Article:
Scientists move closer to curing common eye disorder

Scientists move closer to curing common eye disorder
Scientists move closer to curing common eye disorder

Scientists at the University of Manchester have successfully restored the sight of laboratory mice suffering from a common cause of blindness in people.

A team led by Rob Lucas, GSK Professor of Neuroscience, carried out the pioneering research which may help sufferers of , a group of inherited eye disorders.

The treatment works by expressing a light sensitive human protein called rod opsin into the undamaged cells of the retina, so that it will turn them into special cells called photoreceptors which enable sight.

It was trialled on mice who had inherited advanced and so were essentially blind.

The mice were able to distinguish flickering from steady light as well as spatial patterns and a 'natural movie' – an advance on attempts to combat the disorders using non-human proteins.

Retinitis Pigmentosa is a leading cause of blindness worldwide: 1.5 million people worldwide are thought to be currently affected.

Using a , says Professor Lucas, is as advantageous as it is less harmful and easy to produce.

Professor Lucas said: "We aim to find ways of restoring photosensitivity to the retina in conditions such as retinitis pigmentosa in which loss of rod and lead to blindness.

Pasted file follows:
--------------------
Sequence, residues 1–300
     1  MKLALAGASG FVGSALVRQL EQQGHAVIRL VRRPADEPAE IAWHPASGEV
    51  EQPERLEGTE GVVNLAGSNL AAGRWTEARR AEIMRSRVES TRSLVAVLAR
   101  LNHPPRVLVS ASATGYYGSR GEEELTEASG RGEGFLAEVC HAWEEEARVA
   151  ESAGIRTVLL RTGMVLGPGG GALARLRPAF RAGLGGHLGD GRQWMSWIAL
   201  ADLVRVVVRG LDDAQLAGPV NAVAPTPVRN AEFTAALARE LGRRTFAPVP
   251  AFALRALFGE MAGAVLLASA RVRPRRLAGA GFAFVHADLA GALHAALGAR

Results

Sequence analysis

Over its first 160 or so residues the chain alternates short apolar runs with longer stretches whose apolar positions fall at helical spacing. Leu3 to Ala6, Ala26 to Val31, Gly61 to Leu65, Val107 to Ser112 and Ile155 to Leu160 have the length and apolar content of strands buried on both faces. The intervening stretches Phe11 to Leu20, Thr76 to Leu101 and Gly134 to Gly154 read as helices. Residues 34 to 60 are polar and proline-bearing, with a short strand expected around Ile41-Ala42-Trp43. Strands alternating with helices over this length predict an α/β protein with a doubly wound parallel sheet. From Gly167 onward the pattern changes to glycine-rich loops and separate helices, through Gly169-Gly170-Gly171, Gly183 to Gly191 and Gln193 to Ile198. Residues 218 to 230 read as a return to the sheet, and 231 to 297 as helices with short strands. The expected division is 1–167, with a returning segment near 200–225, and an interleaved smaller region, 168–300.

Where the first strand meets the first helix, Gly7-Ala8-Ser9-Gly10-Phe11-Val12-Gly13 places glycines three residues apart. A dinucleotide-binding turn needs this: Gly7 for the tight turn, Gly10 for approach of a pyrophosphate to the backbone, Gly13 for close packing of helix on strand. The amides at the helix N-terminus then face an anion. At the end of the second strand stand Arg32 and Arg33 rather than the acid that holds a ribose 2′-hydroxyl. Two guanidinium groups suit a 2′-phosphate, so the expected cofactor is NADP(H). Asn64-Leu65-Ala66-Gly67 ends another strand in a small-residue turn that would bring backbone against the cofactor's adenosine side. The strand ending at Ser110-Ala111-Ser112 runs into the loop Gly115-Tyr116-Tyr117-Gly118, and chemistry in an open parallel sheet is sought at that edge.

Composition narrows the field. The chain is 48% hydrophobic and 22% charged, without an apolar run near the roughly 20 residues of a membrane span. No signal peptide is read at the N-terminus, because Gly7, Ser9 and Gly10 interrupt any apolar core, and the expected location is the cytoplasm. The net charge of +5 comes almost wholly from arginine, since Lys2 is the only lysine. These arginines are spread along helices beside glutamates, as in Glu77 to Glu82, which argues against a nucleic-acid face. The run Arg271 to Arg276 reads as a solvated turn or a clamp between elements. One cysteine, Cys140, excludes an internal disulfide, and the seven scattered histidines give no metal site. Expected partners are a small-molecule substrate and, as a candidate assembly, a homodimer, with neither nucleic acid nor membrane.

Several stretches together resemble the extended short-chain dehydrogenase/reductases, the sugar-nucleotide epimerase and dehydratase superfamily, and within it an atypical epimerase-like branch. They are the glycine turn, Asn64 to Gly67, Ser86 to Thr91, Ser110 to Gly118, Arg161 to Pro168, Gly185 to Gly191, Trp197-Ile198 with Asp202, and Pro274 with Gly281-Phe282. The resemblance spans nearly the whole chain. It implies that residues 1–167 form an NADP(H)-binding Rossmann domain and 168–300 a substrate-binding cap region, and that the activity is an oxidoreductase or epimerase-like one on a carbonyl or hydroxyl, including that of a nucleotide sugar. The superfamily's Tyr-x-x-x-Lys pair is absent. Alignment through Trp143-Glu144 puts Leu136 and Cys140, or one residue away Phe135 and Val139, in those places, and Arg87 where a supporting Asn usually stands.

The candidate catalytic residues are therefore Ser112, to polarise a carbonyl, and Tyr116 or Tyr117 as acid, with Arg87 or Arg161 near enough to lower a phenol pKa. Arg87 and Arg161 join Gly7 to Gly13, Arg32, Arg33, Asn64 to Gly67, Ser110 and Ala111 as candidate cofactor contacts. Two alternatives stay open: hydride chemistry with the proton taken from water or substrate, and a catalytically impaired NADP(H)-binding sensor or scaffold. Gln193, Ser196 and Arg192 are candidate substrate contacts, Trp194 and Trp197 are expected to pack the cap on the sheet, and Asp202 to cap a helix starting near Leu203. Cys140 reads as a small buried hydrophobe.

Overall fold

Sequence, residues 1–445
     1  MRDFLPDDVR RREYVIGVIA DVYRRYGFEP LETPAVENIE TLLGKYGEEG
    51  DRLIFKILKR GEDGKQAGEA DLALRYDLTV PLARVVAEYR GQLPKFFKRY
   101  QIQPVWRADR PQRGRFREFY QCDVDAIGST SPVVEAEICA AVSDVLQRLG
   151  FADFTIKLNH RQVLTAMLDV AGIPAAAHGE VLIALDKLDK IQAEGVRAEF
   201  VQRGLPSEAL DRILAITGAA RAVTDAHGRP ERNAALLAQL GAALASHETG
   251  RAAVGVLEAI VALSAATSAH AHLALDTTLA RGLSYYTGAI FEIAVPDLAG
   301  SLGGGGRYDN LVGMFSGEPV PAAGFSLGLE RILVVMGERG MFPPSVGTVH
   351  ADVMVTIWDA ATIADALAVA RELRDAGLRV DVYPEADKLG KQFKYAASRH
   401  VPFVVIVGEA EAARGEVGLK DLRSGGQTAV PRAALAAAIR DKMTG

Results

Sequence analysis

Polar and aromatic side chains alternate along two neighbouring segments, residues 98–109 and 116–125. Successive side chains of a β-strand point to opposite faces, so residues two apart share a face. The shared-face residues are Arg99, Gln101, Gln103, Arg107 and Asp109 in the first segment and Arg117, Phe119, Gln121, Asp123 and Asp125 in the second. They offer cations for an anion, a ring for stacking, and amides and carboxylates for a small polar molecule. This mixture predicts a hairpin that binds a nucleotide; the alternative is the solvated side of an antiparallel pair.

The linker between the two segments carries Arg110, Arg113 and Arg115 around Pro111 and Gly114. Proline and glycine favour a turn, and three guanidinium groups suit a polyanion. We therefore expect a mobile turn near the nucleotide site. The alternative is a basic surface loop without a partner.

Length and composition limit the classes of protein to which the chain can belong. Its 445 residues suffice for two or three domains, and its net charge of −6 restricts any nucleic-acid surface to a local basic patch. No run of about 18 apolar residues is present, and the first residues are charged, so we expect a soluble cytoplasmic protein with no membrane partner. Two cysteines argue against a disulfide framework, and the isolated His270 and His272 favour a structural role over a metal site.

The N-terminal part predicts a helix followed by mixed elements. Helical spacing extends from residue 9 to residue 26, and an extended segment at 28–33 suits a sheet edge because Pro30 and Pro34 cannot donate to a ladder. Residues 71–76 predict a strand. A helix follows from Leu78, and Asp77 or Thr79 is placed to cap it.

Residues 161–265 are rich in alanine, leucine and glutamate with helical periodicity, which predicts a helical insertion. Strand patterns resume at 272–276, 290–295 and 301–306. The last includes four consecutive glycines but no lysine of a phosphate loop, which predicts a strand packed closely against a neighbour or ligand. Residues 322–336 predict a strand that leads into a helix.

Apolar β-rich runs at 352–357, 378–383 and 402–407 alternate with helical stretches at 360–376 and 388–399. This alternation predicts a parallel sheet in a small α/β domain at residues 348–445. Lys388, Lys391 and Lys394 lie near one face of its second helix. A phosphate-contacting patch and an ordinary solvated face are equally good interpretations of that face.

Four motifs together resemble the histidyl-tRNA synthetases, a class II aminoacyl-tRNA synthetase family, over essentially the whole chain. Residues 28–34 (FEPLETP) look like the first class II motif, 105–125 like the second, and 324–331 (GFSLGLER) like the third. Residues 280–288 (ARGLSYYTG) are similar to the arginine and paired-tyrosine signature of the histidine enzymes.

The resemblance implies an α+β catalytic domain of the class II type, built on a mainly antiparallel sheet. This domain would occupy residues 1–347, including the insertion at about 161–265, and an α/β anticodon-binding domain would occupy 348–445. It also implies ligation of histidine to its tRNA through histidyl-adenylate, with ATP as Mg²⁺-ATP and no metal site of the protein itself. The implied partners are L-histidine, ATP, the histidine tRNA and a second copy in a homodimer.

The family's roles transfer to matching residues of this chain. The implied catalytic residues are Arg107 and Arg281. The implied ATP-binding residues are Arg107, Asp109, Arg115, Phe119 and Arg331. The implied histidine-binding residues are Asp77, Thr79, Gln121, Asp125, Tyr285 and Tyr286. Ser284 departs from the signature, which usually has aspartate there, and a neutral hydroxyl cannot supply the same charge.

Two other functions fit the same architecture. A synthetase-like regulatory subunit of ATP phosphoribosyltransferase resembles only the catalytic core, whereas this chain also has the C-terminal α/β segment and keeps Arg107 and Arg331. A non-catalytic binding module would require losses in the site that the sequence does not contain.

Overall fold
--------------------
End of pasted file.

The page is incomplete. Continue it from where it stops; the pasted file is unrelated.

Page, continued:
"The protein rod opsin seems to be relatively successful under normal office light conditions, with images presented using standard computer screens.

"Other researchers have also had some success using other sorts of light protein, but these generally require much brighter light beyond what we generally experience."

Professor Luca's paper was published in the journal Current Biology.

More information: "Restoration of Vision with Ectopic Expression of Human Rod Opsin," Current Biology, Volume 25, Issue 16, 17 August 2015, Pages 2111-2122, ISSN 0960-9822,

Journal information: Current Biology
Citation: Scientists move closer to curing common eye disorder (2015, September 2) retrieved 24 July 2024 from
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